|Feb 5, 2020||Career Day Attendees discuss interesting things from their career.||Watch the discussion|
|Feb 12, 2020||Space Update (George Gamota)|
|Feb 19, 2020||Who’s Afraid of the Big Bad AI This is a later presentation, and therefore improved over an earlier presentation. |
(John Rudy will coordinate.)
|watch the video|
|Feb 26, 2020||Patents – What they are, a brief history of patents, how to read them, and how to obtain them||watch the presentation|
|Mar 4, 2020||Patent Licensing from Universities (Lita Nelson)||watch the presentation|
|Mar 11, 2020||Geodesy, its properties and tools, presented by Mike Pearlman of the Harvard-Smithsonian Center for Astrophysics Program on Geodesy |
Geodesy is the science of accurately measuring and understanding three fundamental properties of the Earth: its geometric shape, its orientation in space, and its gravity field— as well as the changes of these properties with time.
Space Geodesy uses sources external to the Earth: artificial satellites (in satellite geodesy), quasars (in very-long-baseline interferometry, VLBI), and the retroreflectors on the Moon (in lunar laser ranging) to measure these static and time varying properties.
Of current interest are measurements to monitor geodetic parameters and their temporal variations in a global reference frame with a target relative accuracy of 10E-9 – 10E-10, for both scientific understanding of the Earth system and understanding their potential impact on society
Fundamental to these measurements is a reference frame that provides stability over space, time, and evolving technology.
|watch the presentation|
|Mar 18, 2020||Tracking New Diseases: Medical issues incl Vaping (Jerry Slate)||watch the presentation||45|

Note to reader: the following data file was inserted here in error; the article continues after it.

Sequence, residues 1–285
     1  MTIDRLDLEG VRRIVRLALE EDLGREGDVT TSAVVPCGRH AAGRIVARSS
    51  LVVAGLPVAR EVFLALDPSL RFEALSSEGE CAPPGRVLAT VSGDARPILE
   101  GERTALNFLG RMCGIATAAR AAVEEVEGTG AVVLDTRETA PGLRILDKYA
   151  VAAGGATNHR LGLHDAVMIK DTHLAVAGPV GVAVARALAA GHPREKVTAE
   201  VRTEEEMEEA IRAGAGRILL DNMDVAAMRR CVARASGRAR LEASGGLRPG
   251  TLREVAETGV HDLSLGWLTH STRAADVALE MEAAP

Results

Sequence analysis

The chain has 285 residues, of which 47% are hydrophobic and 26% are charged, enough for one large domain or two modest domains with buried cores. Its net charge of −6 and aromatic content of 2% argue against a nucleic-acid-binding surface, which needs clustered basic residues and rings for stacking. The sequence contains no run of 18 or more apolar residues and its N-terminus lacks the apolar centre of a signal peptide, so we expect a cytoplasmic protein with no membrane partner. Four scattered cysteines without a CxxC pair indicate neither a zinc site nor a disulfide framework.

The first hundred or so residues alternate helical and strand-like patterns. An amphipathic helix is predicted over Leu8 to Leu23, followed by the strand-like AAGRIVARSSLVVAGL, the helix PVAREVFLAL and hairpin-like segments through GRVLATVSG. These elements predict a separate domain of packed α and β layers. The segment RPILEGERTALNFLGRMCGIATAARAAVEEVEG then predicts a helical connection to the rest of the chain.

|Mar 25, 2020||Patents for high technology (and when not to have them) (Dick Wagner)||watch the presentation||44|
|Apr 1, 2020||3D Printing and Robotics in Industry: An Update (George Burnell) 3D Printers fighting Coronavirus (link from PeterA)||watch the presentation |
|Apr 8, 2020||Christine Muir, Community Librarian at Cary Library, will demonstrate how to access all the online resources offered by the library. There is no fee for any of these resources, which include ebooks, digital audiobooks, movies, music, TV shows, newspapers, and more.||watch the presentation||41|
|Apr 15, 2020||Futurism We started with something different (Cute Brother and Sister); and then |
a couple of videos by/with Amy Webb (a quantitative futurist, professor of strategic foresight at the NYU Stern School of Business and founder of the Future Today Institute)
Ted Talk on hacking online dating (17 mins)
presenting the 2019 Emerging Tech Trends Report (60 minutes) at SXSW in March 2019
relevant links for your offline reference include https://amywebb.io/
There were several links shown during the videos: http://bit.ly/FTI2019TechTrends (this links to the 2020 report), http://bit.ly/SXSW2019TechTrends, and the “TWiT” program we watched at the end http://twit.tv/subscribe (and there's lots to subscribe to!!) and http://twit.tv/live
|Apr 22, 2020||Potpourri Gary Patrick with information on Encryption and some Utilities. |
Charly Sestokas with computer buying tips, etc; HD vs SSD; SD Longevity; MS Surface;